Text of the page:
7. NEW: Let TypeKey user's comments be automatically approved when comment moderation is enabled (as an option on each blog's configuration).
    Posted by: Bud Parr | Apr 6, 2006
Blog Management Issues:
  1. I've lost many a post by clicking "save" in a compose window that was opened before  service went down. A warning notice in the header when there is scheduled downtime (or even more importantly, unscheduled downtime) would prevent this. I can think of four ways to do this:
    a)  by importing a real-time feed from the TypePad status blog into a field in the compose window. This is probably too much of a server load. A better solution might use ajax to detect whether service is up and then:
    a) AUTOSAVE (locally)
    b) save locally to named file when "save" is clicked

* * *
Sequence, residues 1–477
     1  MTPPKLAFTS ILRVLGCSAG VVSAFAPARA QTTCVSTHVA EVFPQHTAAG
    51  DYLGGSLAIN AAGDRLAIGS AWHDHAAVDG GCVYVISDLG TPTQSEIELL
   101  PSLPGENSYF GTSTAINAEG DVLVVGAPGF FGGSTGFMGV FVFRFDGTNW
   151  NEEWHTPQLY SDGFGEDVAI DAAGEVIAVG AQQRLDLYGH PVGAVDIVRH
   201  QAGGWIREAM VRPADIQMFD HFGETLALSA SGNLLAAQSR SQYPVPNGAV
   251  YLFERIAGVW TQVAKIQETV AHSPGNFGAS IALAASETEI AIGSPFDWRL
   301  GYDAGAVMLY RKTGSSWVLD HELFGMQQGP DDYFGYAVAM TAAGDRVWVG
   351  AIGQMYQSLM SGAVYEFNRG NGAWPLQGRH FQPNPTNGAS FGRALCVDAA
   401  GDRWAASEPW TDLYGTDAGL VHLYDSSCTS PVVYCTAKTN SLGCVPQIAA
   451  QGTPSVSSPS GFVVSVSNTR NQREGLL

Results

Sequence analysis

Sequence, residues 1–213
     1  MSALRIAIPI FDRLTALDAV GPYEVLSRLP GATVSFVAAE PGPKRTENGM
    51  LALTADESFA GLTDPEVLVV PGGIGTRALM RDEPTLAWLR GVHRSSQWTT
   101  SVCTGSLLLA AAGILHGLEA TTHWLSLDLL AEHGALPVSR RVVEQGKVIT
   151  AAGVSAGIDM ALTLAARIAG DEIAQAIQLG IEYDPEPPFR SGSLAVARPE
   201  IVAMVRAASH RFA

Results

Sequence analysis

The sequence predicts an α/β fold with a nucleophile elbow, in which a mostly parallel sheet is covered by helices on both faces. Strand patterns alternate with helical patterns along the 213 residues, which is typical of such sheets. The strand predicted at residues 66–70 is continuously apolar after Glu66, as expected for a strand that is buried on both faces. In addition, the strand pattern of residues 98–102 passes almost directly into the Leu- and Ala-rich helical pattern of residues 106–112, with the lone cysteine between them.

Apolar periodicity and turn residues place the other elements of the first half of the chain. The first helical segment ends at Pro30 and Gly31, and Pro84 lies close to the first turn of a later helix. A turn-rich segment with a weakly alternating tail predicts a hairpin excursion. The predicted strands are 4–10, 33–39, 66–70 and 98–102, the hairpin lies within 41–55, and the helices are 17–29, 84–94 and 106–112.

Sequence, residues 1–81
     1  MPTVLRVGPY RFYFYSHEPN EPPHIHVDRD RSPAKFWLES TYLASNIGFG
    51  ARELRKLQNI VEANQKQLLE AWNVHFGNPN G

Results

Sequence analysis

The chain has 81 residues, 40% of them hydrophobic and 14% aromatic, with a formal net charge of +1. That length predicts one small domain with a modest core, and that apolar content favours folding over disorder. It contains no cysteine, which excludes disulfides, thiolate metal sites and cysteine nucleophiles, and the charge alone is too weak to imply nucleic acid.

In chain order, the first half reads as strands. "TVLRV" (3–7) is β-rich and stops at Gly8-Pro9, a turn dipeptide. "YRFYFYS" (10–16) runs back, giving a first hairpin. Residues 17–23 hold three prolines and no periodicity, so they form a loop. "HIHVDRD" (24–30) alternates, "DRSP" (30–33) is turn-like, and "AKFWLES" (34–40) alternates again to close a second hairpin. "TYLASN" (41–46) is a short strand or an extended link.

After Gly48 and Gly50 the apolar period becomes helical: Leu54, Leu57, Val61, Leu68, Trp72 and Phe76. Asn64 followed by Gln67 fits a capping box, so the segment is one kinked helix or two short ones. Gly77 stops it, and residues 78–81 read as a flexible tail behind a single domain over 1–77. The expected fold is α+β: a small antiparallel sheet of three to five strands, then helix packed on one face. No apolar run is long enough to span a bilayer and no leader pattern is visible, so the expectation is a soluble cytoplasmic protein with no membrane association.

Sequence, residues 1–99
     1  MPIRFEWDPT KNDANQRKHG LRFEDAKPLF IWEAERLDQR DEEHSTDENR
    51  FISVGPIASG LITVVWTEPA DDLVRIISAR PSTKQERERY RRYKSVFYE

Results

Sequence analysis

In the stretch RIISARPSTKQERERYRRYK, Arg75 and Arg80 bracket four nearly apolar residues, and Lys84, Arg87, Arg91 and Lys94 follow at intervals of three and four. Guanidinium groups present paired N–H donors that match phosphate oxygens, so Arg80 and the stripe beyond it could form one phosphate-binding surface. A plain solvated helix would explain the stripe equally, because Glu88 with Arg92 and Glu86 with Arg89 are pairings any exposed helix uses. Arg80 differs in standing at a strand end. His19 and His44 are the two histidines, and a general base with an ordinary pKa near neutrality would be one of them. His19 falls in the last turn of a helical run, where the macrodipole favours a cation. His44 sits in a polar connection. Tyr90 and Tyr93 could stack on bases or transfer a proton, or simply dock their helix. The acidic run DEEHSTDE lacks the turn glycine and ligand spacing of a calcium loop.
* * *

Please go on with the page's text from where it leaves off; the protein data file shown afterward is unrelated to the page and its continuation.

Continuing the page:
c) give a warning on error code (404, 505, etc, etc) or timeout on publish, with option to re-attempt to republish.
    The current system just loses all the data when you click save if the service is down.
  2. Currently, if a blog is set to display oldest entries first, it shows posts in chronological order but displays only the most recent 10 (or however many entries the main index page is set to display). It should start with the first post, or this should be an option. The existing way pretty much guarantees that all readers will be dumped in the middle.
  3. The insert image feature should allow  users to choose (or create) a directory for the image, rather than just dumping it into "Uncategorized Photos". This would make it easier to back blogs up, easier to find and replace images if needed and most importantly would prevent having to scroll through a directory of 1000's of loose files when searching for a specific image.
  4. There should be a way to back up image files as well as blog posts.